The most pointless, beautiful and nuclear-bomb-proof catwalk I’ve been on to date. It goes between two high levels in its own bottom-lit concrete capsule in the center of the tallest, thickest building. Hang on, we’re riding this one out.
The annex casts a long shadow over its old headhouse and the former UGG (currently Vitera C) elevator. Arista 100.
A street side exposure of the original 1914 section of the orphanage. Turned into black and white to deemphasize all the graffiti across the front steps.
An experimental shaft dug in the 1950s and its Hoist House.
From the 1909 addition, it’s obvious how much water it takes to carry a single wall to, into and through the cracks between the floor tiles: exactly one roof’s worth.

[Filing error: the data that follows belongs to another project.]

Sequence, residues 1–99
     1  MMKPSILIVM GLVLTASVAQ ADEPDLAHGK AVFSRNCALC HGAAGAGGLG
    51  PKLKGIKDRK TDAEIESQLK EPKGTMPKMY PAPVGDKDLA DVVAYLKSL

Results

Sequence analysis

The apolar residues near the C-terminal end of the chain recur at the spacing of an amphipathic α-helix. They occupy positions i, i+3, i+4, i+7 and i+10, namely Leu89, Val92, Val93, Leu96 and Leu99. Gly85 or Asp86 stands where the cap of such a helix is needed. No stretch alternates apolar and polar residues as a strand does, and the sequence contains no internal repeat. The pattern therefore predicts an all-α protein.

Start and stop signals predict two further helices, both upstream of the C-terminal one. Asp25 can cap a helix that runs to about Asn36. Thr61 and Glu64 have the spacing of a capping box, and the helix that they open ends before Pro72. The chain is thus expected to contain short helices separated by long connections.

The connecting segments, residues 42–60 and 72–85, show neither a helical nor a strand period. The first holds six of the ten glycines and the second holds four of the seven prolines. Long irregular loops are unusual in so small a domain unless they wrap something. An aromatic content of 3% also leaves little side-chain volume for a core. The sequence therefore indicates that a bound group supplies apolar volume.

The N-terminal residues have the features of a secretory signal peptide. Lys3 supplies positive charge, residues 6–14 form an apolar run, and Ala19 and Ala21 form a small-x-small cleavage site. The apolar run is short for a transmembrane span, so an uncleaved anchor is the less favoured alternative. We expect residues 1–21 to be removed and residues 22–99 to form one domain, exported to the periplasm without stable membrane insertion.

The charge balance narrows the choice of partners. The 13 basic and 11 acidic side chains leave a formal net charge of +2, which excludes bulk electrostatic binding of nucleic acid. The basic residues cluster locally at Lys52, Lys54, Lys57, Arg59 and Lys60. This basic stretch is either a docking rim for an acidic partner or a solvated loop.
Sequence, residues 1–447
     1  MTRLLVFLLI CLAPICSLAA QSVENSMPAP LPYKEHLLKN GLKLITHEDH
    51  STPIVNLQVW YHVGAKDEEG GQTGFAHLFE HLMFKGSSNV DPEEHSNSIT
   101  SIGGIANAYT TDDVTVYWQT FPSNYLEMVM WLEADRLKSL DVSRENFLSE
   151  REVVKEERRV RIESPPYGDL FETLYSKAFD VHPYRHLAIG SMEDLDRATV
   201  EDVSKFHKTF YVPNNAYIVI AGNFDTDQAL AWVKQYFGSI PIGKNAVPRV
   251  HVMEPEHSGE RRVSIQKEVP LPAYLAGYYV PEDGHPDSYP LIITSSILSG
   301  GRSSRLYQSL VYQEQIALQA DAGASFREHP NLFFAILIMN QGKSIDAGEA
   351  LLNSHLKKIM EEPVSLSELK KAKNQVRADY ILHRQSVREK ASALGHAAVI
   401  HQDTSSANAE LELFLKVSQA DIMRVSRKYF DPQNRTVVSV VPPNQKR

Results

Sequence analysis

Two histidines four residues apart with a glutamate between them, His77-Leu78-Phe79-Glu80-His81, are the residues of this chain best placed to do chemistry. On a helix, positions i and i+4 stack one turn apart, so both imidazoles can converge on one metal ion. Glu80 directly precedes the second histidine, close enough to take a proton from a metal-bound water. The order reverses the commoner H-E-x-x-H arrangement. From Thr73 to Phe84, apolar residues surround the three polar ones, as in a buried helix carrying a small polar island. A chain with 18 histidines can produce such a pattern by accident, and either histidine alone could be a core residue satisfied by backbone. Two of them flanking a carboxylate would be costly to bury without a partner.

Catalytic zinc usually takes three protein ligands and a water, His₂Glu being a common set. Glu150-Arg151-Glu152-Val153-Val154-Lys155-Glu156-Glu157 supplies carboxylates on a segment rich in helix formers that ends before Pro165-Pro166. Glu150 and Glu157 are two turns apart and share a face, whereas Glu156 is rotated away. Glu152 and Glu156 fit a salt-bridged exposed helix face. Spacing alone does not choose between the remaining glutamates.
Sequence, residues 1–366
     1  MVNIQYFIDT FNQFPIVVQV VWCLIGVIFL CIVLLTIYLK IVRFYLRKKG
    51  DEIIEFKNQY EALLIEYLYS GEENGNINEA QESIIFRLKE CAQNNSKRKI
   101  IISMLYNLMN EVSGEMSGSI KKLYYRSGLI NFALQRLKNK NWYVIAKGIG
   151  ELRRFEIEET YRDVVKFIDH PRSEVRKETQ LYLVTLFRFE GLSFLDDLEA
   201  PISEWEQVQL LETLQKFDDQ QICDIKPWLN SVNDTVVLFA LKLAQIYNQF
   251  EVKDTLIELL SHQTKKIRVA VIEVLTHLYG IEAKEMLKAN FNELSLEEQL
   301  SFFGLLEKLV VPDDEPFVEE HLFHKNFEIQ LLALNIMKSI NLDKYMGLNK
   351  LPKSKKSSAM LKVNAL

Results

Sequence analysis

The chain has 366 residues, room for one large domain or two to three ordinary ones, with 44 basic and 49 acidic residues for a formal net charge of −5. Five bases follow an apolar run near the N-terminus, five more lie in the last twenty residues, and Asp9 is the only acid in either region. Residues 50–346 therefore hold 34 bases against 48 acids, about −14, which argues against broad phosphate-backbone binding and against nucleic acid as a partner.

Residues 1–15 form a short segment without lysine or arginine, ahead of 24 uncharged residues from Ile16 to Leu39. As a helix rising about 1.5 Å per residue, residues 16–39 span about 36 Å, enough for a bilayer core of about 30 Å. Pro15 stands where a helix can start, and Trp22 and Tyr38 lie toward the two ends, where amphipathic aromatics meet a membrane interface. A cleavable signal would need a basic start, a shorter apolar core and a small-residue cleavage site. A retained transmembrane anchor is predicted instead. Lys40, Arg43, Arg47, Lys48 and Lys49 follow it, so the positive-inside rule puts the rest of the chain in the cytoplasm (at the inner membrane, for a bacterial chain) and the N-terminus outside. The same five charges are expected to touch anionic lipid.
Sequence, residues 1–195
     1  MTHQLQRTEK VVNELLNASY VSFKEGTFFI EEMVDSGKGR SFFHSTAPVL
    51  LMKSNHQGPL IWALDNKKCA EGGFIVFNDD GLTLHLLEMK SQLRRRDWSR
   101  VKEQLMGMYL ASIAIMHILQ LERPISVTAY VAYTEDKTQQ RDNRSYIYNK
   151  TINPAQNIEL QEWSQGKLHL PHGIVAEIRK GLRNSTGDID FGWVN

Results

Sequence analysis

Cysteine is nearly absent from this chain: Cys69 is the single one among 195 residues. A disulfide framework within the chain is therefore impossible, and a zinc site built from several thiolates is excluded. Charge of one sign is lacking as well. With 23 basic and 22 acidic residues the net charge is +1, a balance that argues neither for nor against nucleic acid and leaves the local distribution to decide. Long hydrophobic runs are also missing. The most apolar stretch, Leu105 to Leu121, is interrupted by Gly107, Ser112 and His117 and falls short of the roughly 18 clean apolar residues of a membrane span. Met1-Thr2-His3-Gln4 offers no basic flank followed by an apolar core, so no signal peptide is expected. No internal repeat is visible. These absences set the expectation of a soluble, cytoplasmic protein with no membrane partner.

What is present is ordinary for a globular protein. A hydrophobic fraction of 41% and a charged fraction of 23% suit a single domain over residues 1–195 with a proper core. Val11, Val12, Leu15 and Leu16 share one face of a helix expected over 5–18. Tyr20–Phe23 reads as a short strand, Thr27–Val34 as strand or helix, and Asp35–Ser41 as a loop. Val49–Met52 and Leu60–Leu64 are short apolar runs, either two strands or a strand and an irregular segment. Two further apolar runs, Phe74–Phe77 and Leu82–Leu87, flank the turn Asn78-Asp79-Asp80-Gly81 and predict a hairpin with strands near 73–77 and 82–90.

Beautiful details in the plaster moulding have been preserved by the sheer height of this room between the cathedral and auditorium.
Ladders crawl the back of the signs. Graffiti writers’ right of passage.
I am not sure, but I think this section was a storehouse; it has two ramps that connect the rail yard outside and the blacksmith shop. On all of the historic doors that face that part of the yard, signs caution workers to look out for cars…
Paint lines were constantly monitored through big windows. Adjustments could be made on the dedicated consoles. This is what most of the painting floor looked like.